A Conversation for Astronomy for Amateurs

Why don't the stars move?

Post 1


I was waiting outside my brother's house last night, and happened to glance upward to examine heaven. As usual my eyes were drawn to the Southern Cross, the most readily identifiable group of stars here in Australia (and, I suppose, throughout the southern hemisphere).

I got to wondering, why do the stars remain in exactly the same relative places? They always maintain their groups, clusters and constellations. But are they not all moving throughout heaven? How is it that certain stars always move in regard to other stars? How is it that the Southern Cross is always the same, never changing? Why do the stars never move away from one another?

Why don't the stars move?

Post 2

Blatherskite the Mugwump - Bandwidth Bandit

There are several answers to this one:

1) If you viewed the galaxy not so much as a collection of entities but as one solid object, you would see that it rotates on its axis. All the stars are moving... however, they maintain their relative positions because all these objects are moving in roughly the same direction at roughly the same speed.

2) The distances involved would require that, in order for a star to significantly change its apparent position relative to us, it would have to travel light years' worth of distance. They don't travel *that* fast.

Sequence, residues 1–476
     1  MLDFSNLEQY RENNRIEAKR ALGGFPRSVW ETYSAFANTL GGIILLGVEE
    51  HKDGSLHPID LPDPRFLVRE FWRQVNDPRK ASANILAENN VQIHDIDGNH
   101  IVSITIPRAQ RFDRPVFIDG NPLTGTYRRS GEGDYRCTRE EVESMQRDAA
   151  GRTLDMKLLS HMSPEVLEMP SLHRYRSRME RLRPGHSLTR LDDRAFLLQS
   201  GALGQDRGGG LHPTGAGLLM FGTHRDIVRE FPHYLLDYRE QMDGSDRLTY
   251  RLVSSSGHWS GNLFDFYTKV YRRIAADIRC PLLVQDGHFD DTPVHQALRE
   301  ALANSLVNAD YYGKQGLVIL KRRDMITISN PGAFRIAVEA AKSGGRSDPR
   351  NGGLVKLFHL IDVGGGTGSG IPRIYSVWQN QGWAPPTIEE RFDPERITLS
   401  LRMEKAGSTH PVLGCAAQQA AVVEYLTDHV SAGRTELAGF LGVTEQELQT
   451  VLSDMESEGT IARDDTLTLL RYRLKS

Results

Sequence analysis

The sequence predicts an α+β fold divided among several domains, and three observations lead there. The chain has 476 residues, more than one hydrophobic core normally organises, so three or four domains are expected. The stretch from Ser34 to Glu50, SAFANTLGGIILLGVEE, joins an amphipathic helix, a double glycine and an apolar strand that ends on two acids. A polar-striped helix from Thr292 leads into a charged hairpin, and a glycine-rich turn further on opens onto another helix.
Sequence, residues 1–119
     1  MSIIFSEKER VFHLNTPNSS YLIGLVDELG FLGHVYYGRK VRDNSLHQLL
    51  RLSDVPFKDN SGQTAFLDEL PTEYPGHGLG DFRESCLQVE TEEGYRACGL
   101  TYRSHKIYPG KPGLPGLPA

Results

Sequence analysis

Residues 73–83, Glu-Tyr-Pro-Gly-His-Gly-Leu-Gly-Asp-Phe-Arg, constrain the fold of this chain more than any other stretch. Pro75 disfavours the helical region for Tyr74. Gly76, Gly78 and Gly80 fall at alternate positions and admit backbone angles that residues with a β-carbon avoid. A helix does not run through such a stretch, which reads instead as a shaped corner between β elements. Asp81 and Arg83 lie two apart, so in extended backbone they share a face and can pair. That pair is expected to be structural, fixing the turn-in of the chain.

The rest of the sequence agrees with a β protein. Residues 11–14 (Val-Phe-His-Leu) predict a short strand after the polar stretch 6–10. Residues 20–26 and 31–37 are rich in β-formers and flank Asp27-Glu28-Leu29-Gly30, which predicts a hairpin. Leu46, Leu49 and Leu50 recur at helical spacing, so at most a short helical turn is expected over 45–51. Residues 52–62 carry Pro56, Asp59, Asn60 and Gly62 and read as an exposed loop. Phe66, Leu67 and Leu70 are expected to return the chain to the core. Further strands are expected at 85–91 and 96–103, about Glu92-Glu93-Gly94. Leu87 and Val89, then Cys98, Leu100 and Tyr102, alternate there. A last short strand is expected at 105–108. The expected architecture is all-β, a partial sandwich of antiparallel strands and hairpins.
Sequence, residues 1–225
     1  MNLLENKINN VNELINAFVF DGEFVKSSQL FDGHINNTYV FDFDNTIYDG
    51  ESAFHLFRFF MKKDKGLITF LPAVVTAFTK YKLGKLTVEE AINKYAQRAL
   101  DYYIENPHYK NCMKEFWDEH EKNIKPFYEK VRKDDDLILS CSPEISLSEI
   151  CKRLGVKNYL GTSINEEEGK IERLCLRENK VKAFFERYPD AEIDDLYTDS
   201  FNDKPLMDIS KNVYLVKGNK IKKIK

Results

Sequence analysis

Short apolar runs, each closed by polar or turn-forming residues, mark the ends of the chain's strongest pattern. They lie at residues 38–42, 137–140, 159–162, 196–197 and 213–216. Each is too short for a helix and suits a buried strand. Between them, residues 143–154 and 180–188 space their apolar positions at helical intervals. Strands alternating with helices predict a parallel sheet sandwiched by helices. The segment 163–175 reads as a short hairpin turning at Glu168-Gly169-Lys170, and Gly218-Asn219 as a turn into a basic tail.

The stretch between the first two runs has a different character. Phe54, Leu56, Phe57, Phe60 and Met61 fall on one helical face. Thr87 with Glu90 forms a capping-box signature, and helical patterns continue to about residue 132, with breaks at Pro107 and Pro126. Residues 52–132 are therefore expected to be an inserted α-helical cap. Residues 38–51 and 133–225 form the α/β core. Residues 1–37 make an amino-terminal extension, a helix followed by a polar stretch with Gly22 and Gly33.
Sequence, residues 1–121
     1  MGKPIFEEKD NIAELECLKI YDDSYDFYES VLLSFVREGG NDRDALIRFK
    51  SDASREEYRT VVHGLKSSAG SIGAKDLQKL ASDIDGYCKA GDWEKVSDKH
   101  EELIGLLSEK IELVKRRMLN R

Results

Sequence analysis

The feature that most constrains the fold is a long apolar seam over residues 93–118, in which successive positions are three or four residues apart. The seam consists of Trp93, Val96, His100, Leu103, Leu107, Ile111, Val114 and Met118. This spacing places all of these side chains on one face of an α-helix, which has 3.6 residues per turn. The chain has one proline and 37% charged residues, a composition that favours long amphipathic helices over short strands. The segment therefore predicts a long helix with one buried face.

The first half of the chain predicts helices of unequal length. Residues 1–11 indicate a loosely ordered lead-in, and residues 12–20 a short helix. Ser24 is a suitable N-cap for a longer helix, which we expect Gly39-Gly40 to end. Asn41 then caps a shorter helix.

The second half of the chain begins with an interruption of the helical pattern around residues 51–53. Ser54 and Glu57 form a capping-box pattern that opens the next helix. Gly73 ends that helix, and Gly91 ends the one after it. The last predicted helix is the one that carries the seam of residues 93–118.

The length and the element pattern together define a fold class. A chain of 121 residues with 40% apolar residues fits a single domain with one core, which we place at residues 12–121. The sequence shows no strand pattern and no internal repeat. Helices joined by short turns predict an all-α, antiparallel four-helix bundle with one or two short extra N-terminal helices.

I'm sure someone else will pop along shortly, going on about quantum mechanics and fifth dimensional movement or something, but this is all I know on the subject off the top of my head. smiley - winkeye

Why don't the stars move?

Post 3


Hi Colonel Sellers,

thanks for the quick response smiley - smiley

I understand your point about the stars maintaining their relative positions, and your point about significant changes, but there is an underlying question that I was trying to get at, which I now may be able to frame more clearly...

What *causes* the stars to maintain their positions? Why don't they wildly fly about without any warning? Are they obeying some physical law?

Does this make more sense? I hope so!

Why don't the stars move?

Post 4

Blatherskite the Mugwump - Bandwidth Bandit